Could you tell us about your decision to venture into China?

I was approached to open a restaurant here in China. Roberto, the director invited me to Beijing to have a look. I thought it was an interesting challenge, so I decided to give it a try.

How is all working out?

I’m happy. The Chinese is a very different market and from what I expected. I think we can be successful in the future and I’m working for this, to be constantly improving and evolving. It’s not easy, but I like the challenge, if it’s too easy, it’s not fun.

Would you consider opening a restaurant in South East Asia? Like Bangkok?

Definitely, if the opportunity presents itself. I am going to Singapore again for the World Gourmet Summit and will be cooking for two weeks.

Last year you attended the opening of Macdonald’s restaurant in Milano and created sandwiches for the event, what is your opinion of fast food and eating habits of today?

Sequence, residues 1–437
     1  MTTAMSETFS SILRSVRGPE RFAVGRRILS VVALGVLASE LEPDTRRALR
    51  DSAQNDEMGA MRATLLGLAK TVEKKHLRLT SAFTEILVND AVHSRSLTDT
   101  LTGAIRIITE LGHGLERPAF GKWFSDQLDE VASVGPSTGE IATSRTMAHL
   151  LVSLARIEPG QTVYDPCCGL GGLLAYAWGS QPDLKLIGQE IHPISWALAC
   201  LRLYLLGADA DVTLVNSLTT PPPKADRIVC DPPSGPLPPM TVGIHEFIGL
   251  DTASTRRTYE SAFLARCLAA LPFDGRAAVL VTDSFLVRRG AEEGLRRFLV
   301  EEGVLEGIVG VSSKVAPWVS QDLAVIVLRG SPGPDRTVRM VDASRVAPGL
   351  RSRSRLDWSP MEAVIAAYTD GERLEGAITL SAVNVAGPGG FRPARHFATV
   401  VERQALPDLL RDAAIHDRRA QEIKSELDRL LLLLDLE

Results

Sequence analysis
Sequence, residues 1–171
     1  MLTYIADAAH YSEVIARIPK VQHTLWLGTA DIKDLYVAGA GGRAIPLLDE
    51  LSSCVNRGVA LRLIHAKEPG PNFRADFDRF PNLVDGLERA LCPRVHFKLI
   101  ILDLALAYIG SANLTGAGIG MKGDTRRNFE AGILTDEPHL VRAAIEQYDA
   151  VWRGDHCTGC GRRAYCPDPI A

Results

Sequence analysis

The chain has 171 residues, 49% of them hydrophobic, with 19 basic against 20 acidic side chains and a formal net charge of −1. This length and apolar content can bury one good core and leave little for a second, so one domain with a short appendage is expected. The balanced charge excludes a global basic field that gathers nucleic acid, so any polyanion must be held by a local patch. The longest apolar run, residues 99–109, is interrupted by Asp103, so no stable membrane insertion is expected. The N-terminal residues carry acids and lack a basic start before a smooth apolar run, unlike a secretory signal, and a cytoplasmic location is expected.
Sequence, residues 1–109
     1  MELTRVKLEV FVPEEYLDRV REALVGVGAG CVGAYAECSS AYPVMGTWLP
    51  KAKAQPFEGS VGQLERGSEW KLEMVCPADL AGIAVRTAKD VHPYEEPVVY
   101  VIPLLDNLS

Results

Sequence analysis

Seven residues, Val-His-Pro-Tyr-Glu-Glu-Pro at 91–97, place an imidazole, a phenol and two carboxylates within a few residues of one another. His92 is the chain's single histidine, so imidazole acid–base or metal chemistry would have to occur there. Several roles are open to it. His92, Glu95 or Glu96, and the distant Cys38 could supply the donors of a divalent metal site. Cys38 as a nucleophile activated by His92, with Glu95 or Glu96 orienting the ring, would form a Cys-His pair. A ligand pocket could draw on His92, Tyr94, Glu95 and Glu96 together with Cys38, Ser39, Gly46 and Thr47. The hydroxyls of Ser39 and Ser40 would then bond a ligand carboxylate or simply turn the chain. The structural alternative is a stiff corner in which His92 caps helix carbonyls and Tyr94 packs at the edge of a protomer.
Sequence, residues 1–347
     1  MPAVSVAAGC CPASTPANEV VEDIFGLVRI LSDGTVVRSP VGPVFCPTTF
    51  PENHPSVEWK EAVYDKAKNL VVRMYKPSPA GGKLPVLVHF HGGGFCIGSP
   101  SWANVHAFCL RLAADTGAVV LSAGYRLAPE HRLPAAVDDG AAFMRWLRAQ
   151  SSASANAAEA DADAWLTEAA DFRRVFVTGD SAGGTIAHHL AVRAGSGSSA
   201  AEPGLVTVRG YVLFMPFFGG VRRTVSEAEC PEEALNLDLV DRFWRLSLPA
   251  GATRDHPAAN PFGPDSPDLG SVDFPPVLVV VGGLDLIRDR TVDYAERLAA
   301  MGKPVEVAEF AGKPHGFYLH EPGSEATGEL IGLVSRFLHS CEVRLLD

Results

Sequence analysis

Yes, I was invited by the president to make some gourmet sandwiches. It is very complicated. Fast food is like a social service. Everyone has the right to eat however they want. And a lot of people don’t have time to eat well—they don’t want to spend too much time or money to eat, so fast food seems to be a good solution to not so much nourish but to feed yourself. I think Macdonald’s is a good experience if you don’t eat it often. I’ve told people that they cannot eat at a fine dining place everyday. It’s a celebration for special occasions. You have a choice of what you eat and it’s important to have a balance.